From conventional stages to industrial spaces to historical hotel room galleries, our writers hit every imaginable venue for theatre, dance, visual art, and everything in between in 2018. Here are some of their most memorable moments.
AS YOU LIKE IT (Bard on the Beach) "In a risky move that turns out to be a stroke of genius, Cloran jettisons half (half!) of the Bard’s text in favour of Beatles songs….I had so much fun at As You Like It that I’ll go see it again—if there are any tickets to be had. This one’s a hit."
FUN HOME (Arts Club Theatre) "Bechdel’s book is considered a masterpiece of the form, and her precision and wry humour have translated wonderfully to the musical stage….Fun Home is an unconventional musical. It’s character-driven, with a plot that spirals in on itself. It’s a tragicomedy, balancing the Bechdels' ennui with a droll wit. It’s a Canadian premiere of a show that only launched on Broadway in 2015. It’s also the first mainstream musical about a young lesbian. Refreshingly, all of that adds up to a very modern show."
THE WOLVES (With a Spoon Theatre, in association with Rumble Theatre, at Pacific Theatre.) "I love, love, love The Wolves. Like the best sports matches, this play is packed with virtuosity and surprises. American playwright Sarah DeLappe’s debut script, a 2017 Pulitzer Prize nominee, follows the members of a girls’ indoor-soccer team. The play announces its terrific theatricality right off the top, as the team members sit in two circles, going through a series of warm-ups."
BALLET BC: ENEMY IN THE FIGURE, PROGRAM 3 "Enemy in the Figure is unflinchingly challenging, with its speed-of-sound motion, its shifting set pieces, and its gruelling demands for technique. It’s a puzzle box of ever-moving parts, dancers jumping to avoid a thick rope that ripples across the stage or catching the glare of a rolling floodlight. They throw dynamic shadows against a wavy central wall, push up against it, dance behind it with only their limbs showing, and sometimes disappear into the darkness. The intricately designed frenzy has the mystery and thrill of film noir, abstracted into conceptual art."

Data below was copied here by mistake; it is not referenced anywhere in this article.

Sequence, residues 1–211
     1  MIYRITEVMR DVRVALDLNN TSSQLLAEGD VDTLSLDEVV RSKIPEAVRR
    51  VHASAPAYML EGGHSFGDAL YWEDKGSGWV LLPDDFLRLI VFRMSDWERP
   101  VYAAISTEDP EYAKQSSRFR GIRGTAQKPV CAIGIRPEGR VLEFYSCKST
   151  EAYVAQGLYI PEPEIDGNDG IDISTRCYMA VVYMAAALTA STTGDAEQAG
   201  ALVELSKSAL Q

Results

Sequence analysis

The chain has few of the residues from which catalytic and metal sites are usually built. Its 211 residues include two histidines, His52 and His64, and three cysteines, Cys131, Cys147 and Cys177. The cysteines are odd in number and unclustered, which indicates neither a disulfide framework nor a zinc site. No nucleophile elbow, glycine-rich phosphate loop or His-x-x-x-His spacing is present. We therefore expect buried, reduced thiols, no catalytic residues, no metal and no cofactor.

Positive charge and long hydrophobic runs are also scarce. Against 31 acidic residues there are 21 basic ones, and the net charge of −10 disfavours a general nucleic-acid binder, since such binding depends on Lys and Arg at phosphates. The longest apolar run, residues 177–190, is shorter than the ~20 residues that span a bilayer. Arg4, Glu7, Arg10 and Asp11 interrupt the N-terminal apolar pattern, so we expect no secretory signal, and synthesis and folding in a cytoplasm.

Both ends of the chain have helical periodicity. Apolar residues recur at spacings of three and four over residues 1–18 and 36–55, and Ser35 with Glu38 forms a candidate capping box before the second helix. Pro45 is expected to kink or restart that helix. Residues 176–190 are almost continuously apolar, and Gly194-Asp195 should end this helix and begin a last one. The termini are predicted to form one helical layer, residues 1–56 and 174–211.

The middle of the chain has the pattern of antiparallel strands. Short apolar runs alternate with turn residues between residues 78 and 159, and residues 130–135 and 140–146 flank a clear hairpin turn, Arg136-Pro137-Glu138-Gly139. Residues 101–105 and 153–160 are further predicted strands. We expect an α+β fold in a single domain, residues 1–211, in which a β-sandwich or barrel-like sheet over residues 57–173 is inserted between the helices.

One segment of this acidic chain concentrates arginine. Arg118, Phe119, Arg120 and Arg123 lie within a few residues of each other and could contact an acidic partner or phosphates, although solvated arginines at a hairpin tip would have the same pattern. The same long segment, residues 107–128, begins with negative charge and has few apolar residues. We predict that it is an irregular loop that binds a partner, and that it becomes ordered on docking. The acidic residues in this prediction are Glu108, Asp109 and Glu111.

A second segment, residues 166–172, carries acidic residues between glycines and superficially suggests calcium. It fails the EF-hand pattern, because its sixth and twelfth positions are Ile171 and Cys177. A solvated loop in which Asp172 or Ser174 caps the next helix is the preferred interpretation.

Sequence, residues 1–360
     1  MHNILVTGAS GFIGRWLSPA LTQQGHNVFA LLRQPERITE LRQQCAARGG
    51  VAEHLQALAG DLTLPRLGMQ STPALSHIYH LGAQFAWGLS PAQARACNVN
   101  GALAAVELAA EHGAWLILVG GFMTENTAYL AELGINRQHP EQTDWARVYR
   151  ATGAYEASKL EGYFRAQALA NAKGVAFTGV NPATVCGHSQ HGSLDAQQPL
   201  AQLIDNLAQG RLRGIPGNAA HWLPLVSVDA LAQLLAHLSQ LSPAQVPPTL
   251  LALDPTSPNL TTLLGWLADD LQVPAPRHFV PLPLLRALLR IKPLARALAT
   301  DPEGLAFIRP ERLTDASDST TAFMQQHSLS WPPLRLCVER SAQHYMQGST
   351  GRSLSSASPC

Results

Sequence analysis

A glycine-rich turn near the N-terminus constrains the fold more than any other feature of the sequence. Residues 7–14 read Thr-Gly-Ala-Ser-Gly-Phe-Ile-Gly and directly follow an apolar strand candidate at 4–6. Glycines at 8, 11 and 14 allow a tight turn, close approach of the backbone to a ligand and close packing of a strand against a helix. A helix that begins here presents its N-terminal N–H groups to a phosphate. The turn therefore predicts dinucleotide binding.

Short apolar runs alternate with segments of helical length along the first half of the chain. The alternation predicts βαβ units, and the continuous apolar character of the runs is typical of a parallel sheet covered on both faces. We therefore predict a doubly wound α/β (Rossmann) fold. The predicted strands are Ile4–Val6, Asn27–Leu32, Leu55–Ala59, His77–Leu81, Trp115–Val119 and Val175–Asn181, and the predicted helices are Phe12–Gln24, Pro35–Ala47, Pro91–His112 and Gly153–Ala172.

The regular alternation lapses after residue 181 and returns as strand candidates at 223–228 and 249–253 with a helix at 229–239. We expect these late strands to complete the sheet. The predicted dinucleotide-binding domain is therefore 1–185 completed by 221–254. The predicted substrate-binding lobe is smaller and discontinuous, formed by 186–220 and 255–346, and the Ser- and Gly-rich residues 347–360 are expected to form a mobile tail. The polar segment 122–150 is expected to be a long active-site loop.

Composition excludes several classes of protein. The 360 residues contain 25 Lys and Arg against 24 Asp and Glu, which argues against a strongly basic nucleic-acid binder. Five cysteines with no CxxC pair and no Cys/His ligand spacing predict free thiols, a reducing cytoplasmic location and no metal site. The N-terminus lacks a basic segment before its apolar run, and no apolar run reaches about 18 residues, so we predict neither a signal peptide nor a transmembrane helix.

BACKBONE (Gravity & Other Myths, presented by the Cultch at Vancouver Playhouse) "What these 10 acrobats can do with their bodies will make you gasp over and over again….The props are relatively simple—poles, rocks, buckets of sand—but they’re used inventively, and the sheer number of them makes for many elegant stage pictures."
KERRY JAMES MARSHALL: COLLECTED WORKS (Rennie Museum) "One of an impressive range of works on view at the Rennie Museum, including paintings, sculptures, drawings, prints, and mixed-media installations, Heirlooms and Accessories is both deeply reasoned and deeply troubling. It is constructed around an infamous and widely circulated photograph of the lynching of two black men in Marion, Indiana, in 1930. The focus here, however, is intentionally shifted away from the brutalized black bodies (the photo reproduced in each panel of the triptych has been “ghosted” so that it serves as a faint backdrop) to three white women, of different generations, who are part of the mob at the crime scene. Not that they exhibit any fear of being identified as accessories. The face of each woman, gazing with appalling indifference at the camera, has been isolated and foregrounded within the framing image of a locket. And each locket is attached to a chain that echoes the ropes around the necks of the two hanged men…Together they create an experience for the viewer that is rich, deep, and thought-provoking."
SHEN WEI DANCE: FOLDING (Vancouver International Dance Festival) "The Chinese-American artist has fully tapped the unconscious here, conjuring a surreal world where impossible things happen in front of your eyes. The dancers wear elongated headpieces that extend their noggins into a look that falls somewhere between Coneheads and Alien Nation....Bodies appear to float across the stage in their voluminous red silk skirts. Two torsos sprout out of a single black fabric, one stretching outward as if her body was magically expanding across the stage. And in the final moments—one whose trick is never revealed—a group of figures seem to ascend in the darkness and out of sight at the back of the stage. The trompe l’oeil caused gasps amid the mesmerized opening-night audience."